Complete knight’s armor was thus in use, as we have seen: coat of mail and iron breastplate, helmet, boots, javelin … all of it. The African princes of Songhai were armed as knights. This practice was certainly not as widespread as in Europe, if only because of the climate, as shown by the death of Askia Bano, who died of suffocation. The explorer Barth saw such knights in the kingdom of Bornu in more recent times, about 1850. It is likely that such armor came from Europe, as did certain fabrics; but no documents exist to prove it. It might have come into Africa from Spain. We may suppose that African blacksmiths made replicas from these models, better adapted to the climate, which could be worn either inside or outside clothing. The use of iron armor was common in Benin; the subjects appearing on the bronzes of the time as decoration were in the first instance real armor.
All other mounted soldiers of more modest birth and fortune formed the cavalry. They were armed with shields and javelins. The cavalry was terrifyingly powerful, if we judge by the panic that the clashing of its weapons caused in the Moroccan ranks during the war against Morocco (June 1609).
What frightened the Moroccans most in this encounter was the noise of the shields pounding aginst the legs of the horses when they were galloping. The entire Moroccan army, chiefs and soldiers, fled as far as Lake Debi, where the men were thigh-deep in water. But having recognized the cause of their terror, they left the water after having experienced the greatest terror and the most extreme fear.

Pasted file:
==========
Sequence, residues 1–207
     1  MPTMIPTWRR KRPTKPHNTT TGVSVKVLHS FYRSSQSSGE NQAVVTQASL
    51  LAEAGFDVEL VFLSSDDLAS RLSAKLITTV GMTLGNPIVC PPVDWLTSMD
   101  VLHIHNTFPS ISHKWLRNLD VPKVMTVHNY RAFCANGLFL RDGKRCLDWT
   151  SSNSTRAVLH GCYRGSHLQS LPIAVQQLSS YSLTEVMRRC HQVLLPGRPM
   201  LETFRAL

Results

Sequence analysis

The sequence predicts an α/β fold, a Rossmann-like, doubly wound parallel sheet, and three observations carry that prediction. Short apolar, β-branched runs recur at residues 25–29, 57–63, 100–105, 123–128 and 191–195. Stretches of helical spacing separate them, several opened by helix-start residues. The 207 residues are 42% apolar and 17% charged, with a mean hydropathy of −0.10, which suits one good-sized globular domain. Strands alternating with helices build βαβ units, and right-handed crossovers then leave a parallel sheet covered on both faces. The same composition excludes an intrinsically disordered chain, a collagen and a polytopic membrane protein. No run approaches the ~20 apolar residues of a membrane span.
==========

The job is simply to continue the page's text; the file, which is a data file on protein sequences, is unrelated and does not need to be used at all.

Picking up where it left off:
Foot soldiers were armed mainly with bows and arrows. The infantry included a special élite corps, which was distinguished by the wearing of gold bracelets. Whatever the fortunes of war, the members of this élite corps could not turn their backs on the enemy: which is what happened at the end of the first battle that Djuder, under orders of the Sultan of Morocco, fought against Askia Daud on the left bank of the Niger River. The army of Songhai was defeated because it had no firearms. The whole élite corps allowed itself to be decapitated rather than run away.
There also perished that day a large number of important people among the foot soldiers. When the army was defeated, they threw their shields on the ground and squatted on these sorts of seats, awaiting the arrival of Djuder’s troops, who massacred them in this position without any resistance on their part; this because they were not to flee in case of rout. The Moroccan soldiers took the gold bracelets from their arms.
The army had a band consisting of drums, trumpets (kakaki, cf. Tarikh el Fettach, p. 136), and cymbals. When El Hadj revolted, he marched on Kaoga to the sound of such trumpets. “He had put on a breastplate and let the trumpeters, drummers, and so on, march ahead of him.”
The war drum of the Damel of Cayor was called Djung-Djung. It was used to beat out the bur dakha djap rendi, a march signifying: “The king follows [the enemy], catches him, kills him.”
The auxilliary corps of the Tuareg vassals were composed essentially of camel-drivers; there must also have been an infantry armed with long javelins, marching ahead of the camels and fighting according to the Berber technique, as described by Bakri. The Tuaregs wore puffed trousers, a tunic, a turban, and a litham.
There existed on the Niger an entire flotilla no doubt composed of small boats equipped with outrigging—hence uncapsizable—like those found today on Lake Chad, Lake Victoria, and other large lakes of Central Africa. In case of war, this fleet was used for military purposes; the director of the port of Timbuktu or some other place where the battle took place then played a leading role. At the time of the war against Morocco, he was to hide the boats so Moroccan soldiers could not cross the river.
Mahmud [leader of the Moroccan army] then decided to march against Askia Ishâq. First of all he set about procuring boats, since the director of the port, Mondzo-El-Fa-uld-Zerka, had taken them all with him at the time of his flight toward Binka, when Askia Ishâq had demanded the evacuation of the city of Timbuktu.